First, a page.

Teaching English in Japan

Reaching a New Horizon: Teaching English in Japan

Growing up, I had two big dreams I wanted to achieve in life. The first was to earn a higher degree. The second: to live in Japan for a while. So after completing my Master’s degree, I embarked on the Japan Exchange and Teaching (JET) Programme, a government initiative aimed at increasing grassroots international exchange and English fluency by hiring native English speakers to work as Assistant Language Teachers (ALT) and Coordinators for International Relations all across Japan. I work in a mid-sized junior high school in Yamagata City, Japan as an ALT, where I help Japanese teachers teach English.

I am now in my second year of being their ALT. There is a week to go before my fifteen-year-old students sit for their juken, the high school entrance exams. On days where they have English classes with me, we practice composition and reading comprehension questions from previous juken. It is class time, and I sit at the back of the class, waiting for the kids to come and get their writing checked. The kids are silent, working in intense concentration on the respective tasks set by their Japanese teacher of English, who is quietly working away at the front of the classroom. The atmosphere in the classroom is still, until one boy gets up, grabs his paper and slides into the empty desk next to me.

He gestures helplessly across the A3 sheet and quietly says, “Sarah, I don’t understand any of this. Can you help me?” Two years ago, I would have directed him to his Japanese teacher of English but today I simply lean over and begin explaining the comprehension passage as best as I could.

For an ALT, I had more experience than most of the people who come on the JET Programme. It was not my first teaching job. I taught remedial H2 Literature to failing students at a junior college on weekends. I went on the Ministry of Education’s Internship Programme twice in university to teach English in secondary schools. I was also a Teaching Assistant for a year while pursuing graduate studies.

So, I know how to teach, but only in English, and that counted for exactly nothing when I first stepped into this junior high school in a tiny little city up in the north of Japan. Second-language instruction in Japan is vastly different from how we teach Mother Tongue languages in Singapore. Because of our bilingual policy, students start learning their second language at a very young age and classes are held entirely in that language. However, bilingualism is not as much of a priority here as it is in Singapore, so English lessons only properly start in the third grade of elementary school. By then, it is almost impossible to conduct the class entirely in English.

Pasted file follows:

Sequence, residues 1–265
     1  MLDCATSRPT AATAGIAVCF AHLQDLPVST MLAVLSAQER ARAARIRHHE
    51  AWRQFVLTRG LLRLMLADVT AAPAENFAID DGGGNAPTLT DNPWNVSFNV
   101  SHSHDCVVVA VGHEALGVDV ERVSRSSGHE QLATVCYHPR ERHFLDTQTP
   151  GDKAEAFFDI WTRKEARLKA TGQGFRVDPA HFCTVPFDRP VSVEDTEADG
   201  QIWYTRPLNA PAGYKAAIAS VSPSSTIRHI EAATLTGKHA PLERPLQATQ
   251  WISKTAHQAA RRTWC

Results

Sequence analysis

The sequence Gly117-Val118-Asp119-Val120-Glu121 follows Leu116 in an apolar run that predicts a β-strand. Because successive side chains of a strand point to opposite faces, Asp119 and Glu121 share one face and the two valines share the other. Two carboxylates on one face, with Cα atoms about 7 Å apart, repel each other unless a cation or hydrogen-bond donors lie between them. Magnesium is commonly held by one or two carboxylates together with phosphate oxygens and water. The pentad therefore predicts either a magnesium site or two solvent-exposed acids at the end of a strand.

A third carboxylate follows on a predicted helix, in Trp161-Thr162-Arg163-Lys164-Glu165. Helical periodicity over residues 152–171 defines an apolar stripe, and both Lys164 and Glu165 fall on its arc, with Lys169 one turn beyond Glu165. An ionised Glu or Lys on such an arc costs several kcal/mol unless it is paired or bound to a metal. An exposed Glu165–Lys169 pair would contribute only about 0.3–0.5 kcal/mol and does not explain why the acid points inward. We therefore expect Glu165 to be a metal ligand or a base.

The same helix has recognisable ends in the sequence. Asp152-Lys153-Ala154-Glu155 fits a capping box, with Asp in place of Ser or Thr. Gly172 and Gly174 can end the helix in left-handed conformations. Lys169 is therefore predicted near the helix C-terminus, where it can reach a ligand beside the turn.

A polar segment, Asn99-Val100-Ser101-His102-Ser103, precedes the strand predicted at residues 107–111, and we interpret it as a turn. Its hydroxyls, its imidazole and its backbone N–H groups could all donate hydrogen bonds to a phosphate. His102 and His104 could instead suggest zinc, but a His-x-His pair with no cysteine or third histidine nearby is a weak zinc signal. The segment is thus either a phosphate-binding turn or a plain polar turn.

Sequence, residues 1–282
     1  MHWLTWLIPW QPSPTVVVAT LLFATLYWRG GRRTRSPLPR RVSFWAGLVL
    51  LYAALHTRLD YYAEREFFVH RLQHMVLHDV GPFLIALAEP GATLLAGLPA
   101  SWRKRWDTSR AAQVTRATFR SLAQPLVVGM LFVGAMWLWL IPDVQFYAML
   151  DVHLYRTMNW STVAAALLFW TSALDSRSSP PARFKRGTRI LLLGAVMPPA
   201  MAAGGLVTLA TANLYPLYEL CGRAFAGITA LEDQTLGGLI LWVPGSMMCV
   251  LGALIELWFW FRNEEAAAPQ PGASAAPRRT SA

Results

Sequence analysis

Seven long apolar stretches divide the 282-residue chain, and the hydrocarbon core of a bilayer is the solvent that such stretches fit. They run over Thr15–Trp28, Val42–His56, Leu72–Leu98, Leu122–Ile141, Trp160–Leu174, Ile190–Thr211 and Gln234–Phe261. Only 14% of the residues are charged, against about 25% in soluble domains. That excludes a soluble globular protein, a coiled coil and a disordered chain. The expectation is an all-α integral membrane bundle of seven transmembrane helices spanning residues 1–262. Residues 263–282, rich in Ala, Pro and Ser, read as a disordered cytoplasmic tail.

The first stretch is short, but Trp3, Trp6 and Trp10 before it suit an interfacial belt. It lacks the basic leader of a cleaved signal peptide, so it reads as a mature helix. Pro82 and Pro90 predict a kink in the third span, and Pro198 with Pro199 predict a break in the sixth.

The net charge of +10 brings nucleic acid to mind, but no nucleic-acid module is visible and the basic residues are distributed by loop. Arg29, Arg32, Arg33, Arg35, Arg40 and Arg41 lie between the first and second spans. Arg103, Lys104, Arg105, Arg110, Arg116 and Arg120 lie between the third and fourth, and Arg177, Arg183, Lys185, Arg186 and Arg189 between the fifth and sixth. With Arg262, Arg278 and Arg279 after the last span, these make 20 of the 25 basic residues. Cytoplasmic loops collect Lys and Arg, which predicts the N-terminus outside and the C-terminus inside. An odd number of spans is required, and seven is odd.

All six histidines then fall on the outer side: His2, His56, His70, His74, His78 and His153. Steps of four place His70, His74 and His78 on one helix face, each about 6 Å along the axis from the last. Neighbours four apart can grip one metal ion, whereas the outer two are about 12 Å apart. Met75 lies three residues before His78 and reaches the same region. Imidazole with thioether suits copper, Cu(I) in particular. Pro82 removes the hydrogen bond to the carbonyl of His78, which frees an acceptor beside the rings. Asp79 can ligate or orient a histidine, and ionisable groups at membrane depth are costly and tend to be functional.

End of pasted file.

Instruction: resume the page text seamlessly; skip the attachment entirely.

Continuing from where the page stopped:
When I first came to the school in August 2017, the students were still on their summer break. So, the first task I was assigned to was training two fifteen-year-old boys for a city-wide English speech contest. Their Japanese teacher of English greeted me and said, “We heard from your predecessor that you’ve studied theatre, so you should be good at this?” Wanting to be positive on my first day on the job, I smiled brightly and said, “I should be!” But quickly, we realised that I was not.

I knew what to correct. He should emote more here, or go slower there, and join those two words together rather than saying them in a staccato. But to communicate these corrections was a whole different story. My Japanese vocabulary was not extensive enough to say all the things I wanted to. On top of that, I could not understand his questions. So, we always had to have a teacher to translate for us, making practices tedious and frustrating. With the end of the summer break quickly approaching, I began to fear that I was going to be terrible at the job.

This fear compounded when the school term began. Slowly, I was given more responsibilities; the biggest one being English composition. The school had a system where any original sentences composed by students had to be checked by me, so my days were quickly filled with kids accosting me in hallways with their workbooks and worksheets to get their writing marked.